• electronic devices e.g., 241
  • electronic devices are each configured for wireless or wired communication with other devices in a network.
  • one or more of these electronic devices each include a wireless module for wireless communication with other devices in a network.
  • Each wireless module may include (a) one or more antennas, (b) one or more wireless transceivers, transmitters or receivers, and (c) signal processing circuitry.
  • Each wireless module may receive and transmit data in accordance with one or more wireless standards.
  • one or more of the following hardware components are used for network communication: a computer bus, a computer port, network connection, network interface device, host adapter, wireless module, wireless card, signal processor, modem, router, cables or wiring.
  • one or more computers are programmed for communication over a network.
  • one or more computers are programmed for network communication: (a) in accordance with the Internet Protocol Suite, or (b) in accordance with any other industry standard for communication, including any USB standard, ethernet standard (e.g., IEEE 802.3), token ring standard (e.g., IEEE 802.5), or wireless communication standard, including IEEE 802.11 (Wi-Fi®), IEEE 802.15 (Bluetooth®/Zigbee®), IEEE 802.16, IEEE 802.20, GSM (global system for mobile communications), UMTS (universal mobile telecommunication system), CDMA (code division multiple access, including IS-95, IS-2000, and WCDMA), LTE (long term evolution), or 5G (e.g., ITU IMT-2020).
  • any other industry standard for communication including any USB standard, ethernet standard (e.g., IEEE 802.3), token ring standard (e.g., IEEE 802.5), or wireless communication standard, including IEEE 802.11 (Wi-Fi®
  • the 3D printer includes actuators (e.g., 220 ).
  • Each actuator (including each actuator for actuating any movement) may be any kind of actuator, including a linear, rotary, electrical, piezoelectric, electro-active polymer, mechanical or electro-mechanical actuator.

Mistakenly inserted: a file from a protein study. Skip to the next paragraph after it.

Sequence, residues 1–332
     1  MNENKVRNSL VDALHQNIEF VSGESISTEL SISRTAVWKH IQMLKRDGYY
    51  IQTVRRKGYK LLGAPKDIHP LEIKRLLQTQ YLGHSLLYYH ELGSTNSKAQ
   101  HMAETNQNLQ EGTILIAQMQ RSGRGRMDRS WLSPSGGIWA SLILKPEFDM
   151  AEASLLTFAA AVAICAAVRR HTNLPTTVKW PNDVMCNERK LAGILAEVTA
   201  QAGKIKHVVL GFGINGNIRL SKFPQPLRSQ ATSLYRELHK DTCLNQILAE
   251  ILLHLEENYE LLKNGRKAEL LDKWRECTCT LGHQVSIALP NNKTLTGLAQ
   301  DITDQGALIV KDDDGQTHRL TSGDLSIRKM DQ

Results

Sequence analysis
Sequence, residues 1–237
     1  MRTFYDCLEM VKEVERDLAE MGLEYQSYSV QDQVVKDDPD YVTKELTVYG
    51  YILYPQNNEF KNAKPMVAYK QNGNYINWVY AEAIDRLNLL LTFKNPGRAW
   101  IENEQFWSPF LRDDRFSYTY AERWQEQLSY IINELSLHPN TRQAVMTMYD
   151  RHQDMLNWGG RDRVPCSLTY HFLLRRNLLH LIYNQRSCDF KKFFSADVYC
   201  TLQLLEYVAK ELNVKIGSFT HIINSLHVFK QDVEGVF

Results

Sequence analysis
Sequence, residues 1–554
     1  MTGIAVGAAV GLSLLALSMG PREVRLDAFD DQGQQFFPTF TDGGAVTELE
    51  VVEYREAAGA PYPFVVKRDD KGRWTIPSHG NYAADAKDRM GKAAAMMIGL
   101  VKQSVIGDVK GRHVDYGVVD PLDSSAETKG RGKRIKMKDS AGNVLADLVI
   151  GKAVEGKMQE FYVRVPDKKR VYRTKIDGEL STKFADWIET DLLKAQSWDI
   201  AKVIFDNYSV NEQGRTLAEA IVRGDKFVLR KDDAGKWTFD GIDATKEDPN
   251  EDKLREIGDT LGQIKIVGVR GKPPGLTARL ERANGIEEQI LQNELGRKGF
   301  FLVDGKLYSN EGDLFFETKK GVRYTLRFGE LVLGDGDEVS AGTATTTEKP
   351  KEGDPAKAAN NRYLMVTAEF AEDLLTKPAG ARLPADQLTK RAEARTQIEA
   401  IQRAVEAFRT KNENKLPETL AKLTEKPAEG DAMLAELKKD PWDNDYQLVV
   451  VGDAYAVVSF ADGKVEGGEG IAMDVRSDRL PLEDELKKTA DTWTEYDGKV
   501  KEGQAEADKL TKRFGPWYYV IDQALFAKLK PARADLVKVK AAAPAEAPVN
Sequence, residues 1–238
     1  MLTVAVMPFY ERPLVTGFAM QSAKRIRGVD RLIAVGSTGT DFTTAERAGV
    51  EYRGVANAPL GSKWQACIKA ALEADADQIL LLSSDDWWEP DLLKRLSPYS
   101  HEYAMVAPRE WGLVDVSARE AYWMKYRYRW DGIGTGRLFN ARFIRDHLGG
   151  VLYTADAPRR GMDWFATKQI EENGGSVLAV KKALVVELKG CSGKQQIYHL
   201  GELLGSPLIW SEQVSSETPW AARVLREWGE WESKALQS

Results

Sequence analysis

• the actuator includes and is powered by an electrical motor, including any stepper motor or servomotor.
  • the actuator includes a gear assembly, drive train, pivot, joint, rod, arm, or other component for transmitting motion.
  • one or more sensors are used to detect position, displacement or other data for feedback to one of more of the actuators.
  • To compute “based on” specified data means to perform a computation that takes the specified data as an input.
  • A comprises B, then A includes B and may include other things.
  • a digital computer is a non-limiting example of a “computer”.
  • An analog computer is a non-limiting example of a “computer”.
  • a computer that performs both analog and digital computations is a non-limiting example of a “computer”.
  • a human is not a “computer”, as that term is used herein.
  • DNA means deoxyribonucleic acid.
  • an event to occur “during” a time period it is not necessary that the event occur throughout the entire time period. For example, an event that occurs during only a portion of a given time period occurs “during” the given time period.
  • a phrase that includes “a first” thing and “a second” thing does not imply an order of the two things (or that there are only two of the things); and (2) such a phrase is simply a way of identifying the two things, respectively, so that they each may be referred to later with specificity (e.g., by referring to “the first” thing and “the second” thing later).